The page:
The present invention is a device for measuring aerosol size distribution within a sample containing aerosol particles. The device generally includes a spectrometer housing defining an interior chamber and an optical detector, such as a camera, for recording aerosol streams exiting the chamber along different flow streams. The housing includes an inlet for introducing a flow medium into the chamber in a flow direction, an aerosol injection port adjacent the inlet for introducing a charged aerosol sample into the chamber, a separation section for applying an electric field to the aerosol sample across the flow direction and an outlet opposite the inlet. In the separation section, the aerosol sample becomes entrained in the flow medium and the aerosol particles within the aerosol sample are separated by size into a plurality of aerosol flow streams under the influence of the electric field. The camera is disposed adjacent the housing outlet for optically detecting a relative position of at least one aerosol flow stream exiting the outlet and for optically detecting the number of aerosol particles within the at least one aerosol flow stream.

In a preferred embodiment, the device further includes an aerosol charger disposed adjacent the aerosol injection port of the housing and a laser source disposed adjacent the outlet. The aerosol charger imparts a predictable electrical charge distribution to the aerosol sample and the laser source illuminates the plurality of separated aerosol flow steams exiting said outlet. Also, the housing preferably has two substantially parallel walls, wherein the electric field is applied across the parallel walls and the relative position of the at least one aerosol flow stream exiting the housing outlet is optically detected relative to the parallel walls.

Additionally, the device further preferably includes a means for saturating and growing the aerosol particles through a condensation process to facilitate detecting the particles. In this regard, the housing preferably includes a growth section having a thermoelectric cooler disposed downstream of the separation section for increasing the size of saturated aerosol particles within the separated aerosol flow streams using a condensation process.

For saturating the aerosol particles, the device may include a saturator disposed adjacent the inlet of the housing for introducing a working vapor into the flow medium. The working vapor subsequently condenses on the aerosol particles within the growth section, whereby the aerosol particles increase in size. The saturator may include a reservoir for holding a working liquid, an inlet in fluid communications with the reservoir for introducing the flow medium into the reservoir, a heater adjacent the reservoir for heating the working liquid to produce the working vapor and an outlet connected to the housing inlet for introducing the working vapor and the flow medium into the interior chamber of the housing.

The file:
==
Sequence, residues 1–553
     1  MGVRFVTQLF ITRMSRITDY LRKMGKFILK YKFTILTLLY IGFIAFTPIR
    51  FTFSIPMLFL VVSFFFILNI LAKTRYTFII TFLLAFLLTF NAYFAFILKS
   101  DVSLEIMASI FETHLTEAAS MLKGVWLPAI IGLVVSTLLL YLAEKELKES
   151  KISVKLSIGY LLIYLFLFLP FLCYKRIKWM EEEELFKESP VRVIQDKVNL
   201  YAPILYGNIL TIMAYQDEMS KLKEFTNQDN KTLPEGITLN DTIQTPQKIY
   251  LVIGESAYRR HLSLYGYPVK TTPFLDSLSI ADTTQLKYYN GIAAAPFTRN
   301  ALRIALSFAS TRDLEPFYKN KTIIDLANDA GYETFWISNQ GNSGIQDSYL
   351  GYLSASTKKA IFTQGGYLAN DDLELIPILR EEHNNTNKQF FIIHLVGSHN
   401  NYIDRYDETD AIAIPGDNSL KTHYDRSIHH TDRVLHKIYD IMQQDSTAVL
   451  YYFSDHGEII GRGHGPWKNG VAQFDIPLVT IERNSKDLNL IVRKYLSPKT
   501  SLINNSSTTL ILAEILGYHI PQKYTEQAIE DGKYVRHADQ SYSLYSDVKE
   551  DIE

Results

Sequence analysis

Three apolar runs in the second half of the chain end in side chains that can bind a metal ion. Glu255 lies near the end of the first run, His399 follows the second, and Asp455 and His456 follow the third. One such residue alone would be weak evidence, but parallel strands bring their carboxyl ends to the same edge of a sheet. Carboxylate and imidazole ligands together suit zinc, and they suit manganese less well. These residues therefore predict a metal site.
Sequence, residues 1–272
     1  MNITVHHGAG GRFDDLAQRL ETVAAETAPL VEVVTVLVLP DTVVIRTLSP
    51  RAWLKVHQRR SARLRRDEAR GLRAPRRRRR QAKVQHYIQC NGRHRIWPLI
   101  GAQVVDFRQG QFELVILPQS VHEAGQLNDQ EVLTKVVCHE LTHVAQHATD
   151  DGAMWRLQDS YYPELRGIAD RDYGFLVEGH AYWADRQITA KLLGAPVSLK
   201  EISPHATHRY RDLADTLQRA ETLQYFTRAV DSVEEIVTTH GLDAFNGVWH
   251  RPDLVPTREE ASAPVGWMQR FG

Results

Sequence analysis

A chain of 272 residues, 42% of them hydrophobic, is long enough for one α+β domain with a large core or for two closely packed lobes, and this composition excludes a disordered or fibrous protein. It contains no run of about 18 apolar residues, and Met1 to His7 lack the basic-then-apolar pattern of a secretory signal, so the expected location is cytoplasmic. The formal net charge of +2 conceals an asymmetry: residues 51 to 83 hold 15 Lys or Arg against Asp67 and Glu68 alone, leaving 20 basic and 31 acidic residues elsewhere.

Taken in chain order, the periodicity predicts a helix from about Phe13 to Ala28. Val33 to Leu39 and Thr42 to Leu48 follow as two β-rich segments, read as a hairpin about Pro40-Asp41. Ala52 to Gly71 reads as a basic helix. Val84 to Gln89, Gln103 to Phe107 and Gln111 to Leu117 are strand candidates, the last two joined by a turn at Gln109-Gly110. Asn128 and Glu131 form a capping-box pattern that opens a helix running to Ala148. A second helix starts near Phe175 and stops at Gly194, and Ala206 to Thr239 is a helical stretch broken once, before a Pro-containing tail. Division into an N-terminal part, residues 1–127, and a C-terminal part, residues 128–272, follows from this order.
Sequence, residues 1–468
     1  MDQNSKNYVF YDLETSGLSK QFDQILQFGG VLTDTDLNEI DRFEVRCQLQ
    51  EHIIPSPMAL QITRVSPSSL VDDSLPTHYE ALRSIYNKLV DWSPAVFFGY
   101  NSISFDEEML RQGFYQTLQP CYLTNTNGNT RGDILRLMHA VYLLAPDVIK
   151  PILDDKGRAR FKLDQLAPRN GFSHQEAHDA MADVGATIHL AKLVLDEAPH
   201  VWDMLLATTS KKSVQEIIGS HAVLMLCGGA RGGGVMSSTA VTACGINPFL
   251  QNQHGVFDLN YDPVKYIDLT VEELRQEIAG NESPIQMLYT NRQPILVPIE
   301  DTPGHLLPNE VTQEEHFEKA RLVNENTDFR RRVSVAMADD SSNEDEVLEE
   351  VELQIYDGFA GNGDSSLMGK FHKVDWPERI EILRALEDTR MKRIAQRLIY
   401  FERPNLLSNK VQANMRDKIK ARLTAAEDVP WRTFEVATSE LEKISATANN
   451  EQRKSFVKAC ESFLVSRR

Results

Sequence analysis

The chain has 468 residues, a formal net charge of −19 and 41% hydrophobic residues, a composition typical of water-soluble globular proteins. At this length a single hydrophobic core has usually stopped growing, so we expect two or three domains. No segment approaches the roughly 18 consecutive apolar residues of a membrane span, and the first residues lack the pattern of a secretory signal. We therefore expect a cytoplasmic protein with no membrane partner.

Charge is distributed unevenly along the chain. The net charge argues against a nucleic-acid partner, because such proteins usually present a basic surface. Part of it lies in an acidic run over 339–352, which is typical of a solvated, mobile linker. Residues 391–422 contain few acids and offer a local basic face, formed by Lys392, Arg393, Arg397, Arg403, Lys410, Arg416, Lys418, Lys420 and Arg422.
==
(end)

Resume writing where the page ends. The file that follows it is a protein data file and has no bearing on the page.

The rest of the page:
Alternatively, saturation may take place within a saturation section disposed between the separation section and the growth section of the housing. In this case, the saturation section of the housing may include a wick in fluid communication with the interior chamber of the housing and a heater in thermal contact with the wick. The wick is saturated with a working liquid and the heater heats the working liquid to produce the working vapor.

The housing of the present invention may be combined with other housings operating at different voltages to provide an apparatus having increased size range measurement capabilities. Specifically, the measuring apparatus of the present invention may include a first housing defining a first interior chamber and a second housing defining a second interior chamber. The first housing has a separation section for applying a first electrical field to the aerosol sample and the second housing has a separation section for applying a second electrical field to the aerosol sample. The aerosol particles within the first housing are separated by size into a plurality of aerosol flow streams having a first size range and the aerosol particles within the second housing are separated by size into a plurality of aerosol flow streams having a second size range. A camera system is disposed adjacent the outlets of the first and second housings for optically detecting a relative position of at least one aerosol flow stream from the first size range and at least one aerosol flow stream from the second size range.

Moreover, the present invention can be combined with conventional components to produce an apparatus for measuring aerosol hygroscopicity and volatility. Such an apparatus includes an aerosol charger for imparting a predictable electrical charge distribution to an aerosol sample, a differential mobility analyzer for selecting dry aerosols of a desired size, a humidifier for increasing the humidity of the dry aerosols selected by the differential mobility analyzer to produce a humidified aerosol sample, a spectrometer housing as described above for separating the aerosol particles by size into a plurality of aerosol flow streams under the influence of an electric field and a camera for optically detecting a relative position of at least one aerosol flow stream exiting the housing and for optically detecting the number of aerosol particles within the at least one aerosol flow stream. For volatility measurements, the apparatus further includes a thermal denuder connected adjacent the humidifier to be operated alternatively with the humidifier.